Trainees learn the complex relationship between clean water and economic, physical, and reproductive development over generations. Trainees exit with expert knowledge to conduct demonstration projects and to train others to install economical water filtration systems at points of delivery.
Food insecurity may be attributed to many causes including famine, war, poor agricultural practices, parasites, micro-nutrient deficiencies, and food quality. Every year 15 million children die of hunger. Three billion people in the world today struggle to survive on $2 per day.
The GLTC curriculum encourages stateside leaders and foreign nationals to co-labor together in customizing feeding programs based on the nutrient needs of a designated region. This approach parallels other work in agricultural development including agribusiness, irrigation, and farming. Coupling a feeding program with agricultural development opens the door for economic empowerment, social enterprise, investment in human capital, and economic stability. This empowerment promotes an attitude of self-sufficiency and self-reliance among trainees who transfer knowledge to local populations.
In addition to water-borne parasites, poor soil quality and drought contribute to specific vitamin and mineral deficiencies, taken together, these challenges impact general health. Moreover, they impact cognitive, physical, economic, and intergenerational health. Consequently, effects jeopardize economic security, deplete resources, and endanger future generations. Trainees receive an overview of these challenges and explore practical solutions with attention to critical indicators.
AIDS Prevention and Major Diseases
Many developing countries do not have access to public health clinics and hospitals. The Center trains leaders to organize mobile clinic units, rally awareness campaigns for AIDS prevention and other diseases; to screen during pregnancy or life development to identify life challenges that can be proactively addressed; and to develop free community health workshops and prenatal programs to help eradicate high infant mortality rates in 10/40 Window countries. Proper healthcare in developing nations empower people groups with a lifelong legacy.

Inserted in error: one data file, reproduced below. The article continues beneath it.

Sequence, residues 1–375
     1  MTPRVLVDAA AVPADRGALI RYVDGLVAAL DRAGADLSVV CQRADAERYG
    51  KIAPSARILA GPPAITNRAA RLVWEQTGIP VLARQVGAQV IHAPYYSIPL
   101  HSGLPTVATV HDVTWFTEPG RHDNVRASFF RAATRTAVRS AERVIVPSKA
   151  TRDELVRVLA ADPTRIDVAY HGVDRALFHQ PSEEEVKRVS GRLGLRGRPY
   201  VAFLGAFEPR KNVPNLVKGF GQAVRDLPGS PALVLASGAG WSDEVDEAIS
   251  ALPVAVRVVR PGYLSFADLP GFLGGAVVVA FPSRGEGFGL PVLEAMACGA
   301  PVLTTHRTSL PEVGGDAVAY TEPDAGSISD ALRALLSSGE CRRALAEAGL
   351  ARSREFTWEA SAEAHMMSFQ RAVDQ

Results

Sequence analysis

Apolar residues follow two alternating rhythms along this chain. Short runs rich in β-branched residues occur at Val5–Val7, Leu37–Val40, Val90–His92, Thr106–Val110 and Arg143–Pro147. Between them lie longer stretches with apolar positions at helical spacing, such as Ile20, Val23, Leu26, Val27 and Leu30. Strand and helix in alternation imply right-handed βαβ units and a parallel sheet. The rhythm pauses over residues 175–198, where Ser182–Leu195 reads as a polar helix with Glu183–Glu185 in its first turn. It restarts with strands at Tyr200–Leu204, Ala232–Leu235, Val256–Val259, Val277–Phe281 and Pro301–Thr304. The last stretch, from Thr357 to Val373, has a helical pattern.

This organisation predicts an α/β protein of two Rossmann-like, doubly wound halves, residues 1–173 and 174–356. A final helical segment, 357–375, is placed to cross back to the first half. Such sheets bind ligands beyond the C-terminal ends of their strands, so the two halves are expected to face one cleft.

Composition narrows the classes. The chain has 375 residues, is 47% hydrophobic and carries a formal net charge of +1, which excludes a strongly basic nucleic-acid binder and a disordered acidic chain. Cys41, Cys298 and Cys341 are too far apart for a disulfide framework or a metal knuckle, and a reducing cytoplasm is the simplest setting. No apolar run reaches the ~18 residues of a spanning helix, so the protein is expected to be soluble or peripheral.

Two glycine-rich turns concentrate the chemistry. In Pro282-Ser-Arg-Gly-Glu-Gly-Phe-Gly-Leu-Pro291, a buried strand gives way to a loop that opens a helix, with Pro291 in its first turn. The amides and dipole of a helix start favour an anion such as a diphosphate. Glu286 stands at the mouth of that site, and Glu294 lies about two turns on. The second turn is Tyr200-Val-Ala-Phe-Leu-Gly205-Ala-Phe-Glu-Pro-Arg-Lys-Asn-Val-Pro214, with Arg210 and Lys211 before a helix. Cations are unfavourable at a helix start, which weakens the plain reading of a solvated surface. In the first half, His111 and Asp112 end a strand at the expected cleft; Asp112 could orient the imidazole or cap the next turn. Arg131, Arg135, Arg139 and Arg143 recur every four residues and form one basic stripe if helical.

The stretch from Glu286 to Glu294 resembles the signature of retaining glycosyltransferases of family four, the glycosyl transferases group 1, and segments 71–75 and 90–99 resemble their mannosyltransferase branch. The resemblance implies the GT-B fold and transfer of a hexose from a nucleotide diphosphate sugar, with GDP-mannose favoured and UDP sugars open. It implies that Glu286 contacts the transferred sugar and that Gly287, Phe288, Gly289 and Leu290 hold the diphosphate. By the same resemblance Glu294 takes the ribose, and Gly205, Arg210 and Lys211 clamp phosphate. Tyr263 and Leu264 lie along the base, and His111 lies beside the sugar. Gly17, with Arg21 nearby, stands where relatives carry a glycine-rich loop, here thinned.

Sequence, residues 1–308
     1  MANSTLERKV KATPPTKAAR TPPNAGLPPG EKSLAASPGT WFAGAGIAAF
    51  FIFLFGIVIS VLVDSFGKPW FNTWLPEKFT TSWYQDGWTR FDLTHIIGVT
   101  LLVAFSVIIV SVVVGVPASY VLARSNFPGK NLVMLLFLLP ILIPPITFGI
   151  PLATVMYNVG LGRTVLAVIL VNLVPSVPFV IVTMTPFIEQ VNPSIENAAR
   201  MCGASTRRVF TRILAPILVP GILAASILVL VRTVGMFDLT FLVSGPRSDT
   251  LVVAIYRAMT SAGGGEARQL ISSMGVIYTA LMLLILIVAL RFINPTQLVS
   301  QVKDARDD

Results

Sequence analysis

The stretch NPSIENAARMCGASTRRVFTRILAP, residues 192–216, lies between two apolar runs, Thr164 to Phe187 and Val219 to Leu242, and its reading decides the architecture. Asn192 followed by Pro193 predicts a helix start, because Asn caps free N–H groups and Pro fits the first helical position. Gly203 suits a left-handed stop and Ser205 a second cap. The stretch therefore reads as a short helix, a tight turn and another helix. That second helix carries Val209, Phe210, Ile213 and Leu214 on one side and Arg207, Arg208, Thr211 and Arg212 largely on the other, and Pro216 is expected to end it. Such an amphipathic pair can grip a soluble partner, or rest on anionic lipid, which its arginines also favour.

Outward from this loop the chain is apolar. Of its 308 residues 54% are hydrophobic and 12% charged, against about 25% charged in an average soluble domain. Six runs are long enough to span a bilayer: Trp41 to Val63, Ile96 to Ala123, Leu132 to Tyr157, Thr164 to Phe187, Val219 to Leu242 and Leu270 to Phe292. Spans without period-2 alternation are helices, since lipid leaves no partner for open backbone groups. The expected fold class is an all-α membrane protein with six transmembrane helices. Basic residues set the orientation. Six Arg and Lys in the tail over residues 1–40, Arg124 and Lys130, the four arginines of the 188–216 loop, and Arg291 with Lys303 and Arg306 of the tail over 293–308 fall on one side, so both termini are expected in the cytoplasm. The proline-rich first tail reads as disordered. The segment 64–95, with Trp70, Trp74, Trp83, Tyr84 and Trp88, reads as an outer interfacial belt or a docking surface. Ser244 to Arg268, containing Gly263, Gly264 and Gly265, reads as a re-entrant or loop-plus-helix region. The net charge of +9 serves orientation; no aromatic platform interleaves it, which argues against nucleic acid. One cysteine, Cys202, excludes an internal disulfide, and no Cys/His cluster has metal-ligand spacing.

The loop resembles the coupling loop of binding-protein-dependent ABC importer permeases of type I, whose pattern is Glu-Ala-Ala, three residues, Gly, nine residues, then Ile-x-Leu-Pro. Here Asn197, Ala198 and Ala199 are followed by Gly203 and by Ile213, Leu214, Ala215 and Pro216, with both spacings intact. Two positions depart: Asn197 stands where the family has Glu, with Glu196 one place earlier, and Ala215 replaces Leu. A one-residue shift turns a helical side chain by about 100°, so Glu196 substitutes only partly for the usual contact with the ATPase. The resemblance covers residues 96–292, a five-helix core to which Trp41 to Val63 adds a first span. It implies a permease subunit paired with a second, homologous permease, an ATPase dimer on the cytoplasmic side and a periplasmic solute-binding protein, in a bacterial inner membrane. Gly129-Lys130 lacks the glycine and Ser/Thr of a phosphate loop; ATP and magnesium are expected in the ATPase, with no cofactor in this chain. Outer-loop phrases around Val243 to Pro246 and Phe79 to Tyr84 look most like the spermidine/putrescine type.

Other major diseases (e.g., epilepsy) arise as major concerns based on local concerns expressed by apprentices. Shared concerns offer opportunity for economies of scale and regional impacts when considering solutions.
On the international agenda, aggressive and violent behavior between and among various population segments is recognized as a leading, worldwide public health problem. Civil war, human trafficking, and other indicators are included. Whether intentional or unintentional, violence drains brainpower; diminishes economic security; endangers food security; and jeopardizes reproductive and other human assets essential to a more vibrant future. The impacts are far-reaching. Our training seeks to increase trainee awareness of these challenges to promote local assessment of the burden of violence; and to facilitate development of resident-driven solutions to reduce the frequency, types, and effects of violence.